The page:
“Let’s get in there and crush as many beers as possible.” The famous last words of me and every one else who make others say, “Some people just can’t handle GABF.” Live and learn friends, I will tell you that you need to prepare the body for the onslaught of beers. I’m talking about a strict regimen of quality beer drinking leading up to the beer festival. And then I’m talking about prepping for the festival like you’re about to run a 10k. Get a carbo load in the night before, down more water than a triathlete during the day, and get a mondo meal in a good hour before you head to the festival. And those pretzel necklaces, they’re genius. It’ll cleanse your pallette, avoid you hitting up overpriced food at the festival, won’t slow you down, and help soak up the booze. High-five to whatever drunken Einstein came up with that.


Ah so that’s how he figured it out.

Step 4: Get to the Festival

There are two schools of thought here. Either get there nice and early or get there really late, but not in between. 90% of the people there do the in between. Get there early, bring a good book, maybe chat with someone (see make new friends tip above) and chill out. You get in first and hear some dudes shred out on some bagpipes as they try to pump you up on your walk into the massive festival hall with zero lines inside. On the other hand, hit up a restaurant, snag some food, drink some water, and chill out until 45 minutes to an hour after the doors open. Then head over to the festival and waltz right on in. Either way, make sure you rock a bike (you’re so hip), a cab company of sorts, or the light rail that stops right in front of the convention center.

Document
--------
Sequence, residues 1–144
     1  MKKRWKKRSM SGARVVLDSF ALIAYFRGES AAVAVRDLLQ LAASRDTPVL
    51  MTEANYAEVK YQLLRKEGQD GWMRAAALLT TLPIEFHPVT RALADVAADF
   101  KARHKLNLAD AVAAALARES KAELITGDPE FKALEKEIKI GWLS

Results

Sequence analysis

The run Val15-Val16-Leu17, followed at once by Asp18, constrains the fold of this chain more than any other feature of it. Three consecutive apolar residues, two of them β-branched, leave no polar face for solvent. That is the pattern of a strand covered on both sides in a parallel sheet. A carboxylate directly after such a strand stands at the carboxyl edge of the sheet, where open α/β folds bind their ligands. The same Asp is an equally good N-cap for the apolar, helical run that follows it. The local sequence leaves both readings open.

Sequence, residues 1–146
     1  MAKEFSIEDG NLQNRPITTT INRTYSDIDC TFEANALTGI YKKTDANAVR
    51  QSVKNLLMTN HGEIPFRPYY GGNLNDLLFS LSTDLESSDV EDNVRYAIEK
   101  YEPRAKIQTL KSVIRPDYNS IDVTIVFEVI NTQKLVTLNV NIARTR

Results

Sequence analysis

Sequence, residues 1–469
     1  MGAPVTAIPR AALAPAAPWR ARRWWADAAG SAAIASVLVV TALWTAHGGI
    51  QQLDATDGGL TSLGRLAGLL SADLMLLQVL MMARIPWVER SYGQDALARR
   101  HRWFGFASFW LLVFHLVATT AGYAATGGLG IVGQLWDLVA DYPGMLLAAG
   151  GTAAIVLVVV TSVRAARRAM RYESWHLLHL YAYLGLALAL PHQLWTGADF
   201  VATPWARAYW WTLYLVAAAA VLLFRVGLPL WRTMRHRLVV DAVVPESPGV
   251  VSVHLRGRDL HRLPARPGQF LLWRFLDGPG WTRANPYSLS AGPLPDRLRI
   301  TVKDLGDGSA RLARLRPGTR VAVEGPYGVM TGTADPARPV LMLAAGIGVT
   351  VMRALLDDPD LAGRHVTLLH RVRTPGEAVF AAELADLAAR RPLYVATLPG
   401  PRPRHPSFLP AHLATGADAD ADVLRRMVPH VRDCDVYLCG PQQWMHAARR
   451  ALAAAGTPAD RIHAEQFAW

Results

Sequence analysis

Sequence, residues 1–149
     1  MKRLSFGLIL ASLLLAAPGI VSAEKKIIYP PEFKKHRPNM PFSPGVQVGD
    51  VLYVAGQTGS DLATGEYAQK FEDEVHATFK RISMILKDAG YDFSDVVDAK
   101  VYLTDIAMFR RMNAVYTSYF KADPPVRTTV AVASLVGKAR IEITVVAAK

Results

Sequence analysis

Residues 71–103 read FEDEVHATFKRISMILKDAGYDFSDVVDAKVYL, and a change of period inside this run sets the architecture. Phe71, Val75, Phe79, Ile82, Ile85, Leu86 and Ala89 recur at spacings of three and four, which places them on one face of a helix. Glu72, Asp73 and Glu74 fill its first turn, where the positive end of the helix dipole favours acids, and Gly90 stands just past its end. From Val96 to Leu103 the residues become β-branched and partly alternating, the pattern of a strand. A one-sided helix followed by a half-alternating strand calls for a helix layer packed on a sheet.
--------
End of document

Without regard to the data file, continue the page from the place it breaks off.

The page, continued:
The ultimate bike.

Step 5: Survive the Line

GABF is the only place where you walk to the entrance and then immediately walk as far away as possible from the entrance. You get there, and then you have to walk to the end of the line like half a mile away. Then you follow around in the line for 30 minutes until you’re back at the entrance. You realize that you should have followed step 4 at this point. If you’re caught in the massive line, just following along and don’t flip when people cut in front of you. The line spans out to six at the entrance, so you’ll all get your chance to crush beers at roughly the same time. Just judge those people and stare at them. Judge. Stare.  Judge. Stare.


Tom Selleck just seems relevant to this post somehow.

Step 6: Execute!

Holy s**t, you made it. 10 miles later, and you’re in the largest beer festival ever, with a little taster cup, and hours to utterly dominate. Well then, get to work! Avoid the cluster at the beginning, move to the far end of the hall and execute your plan. Going to the Great Lakes region? Get over there and start tasting. Drinking only dark brews? Get a damn stout in your glass. But remember, the best advice of all, is that this is a marathon, not a race. Your ridiculously priced $80 + ticket isn’t going to be recovered if you crush 60 ounces of brew. It’s more for the experience of having more beers on hand than anywhere else. It’s about quality, not quantity, so those seemingly sissy one ounce pours are actually a good thing, giving you the opportunity to try more amazing and rare brews.


Oh yeah.

Step 7: Avoid Distractions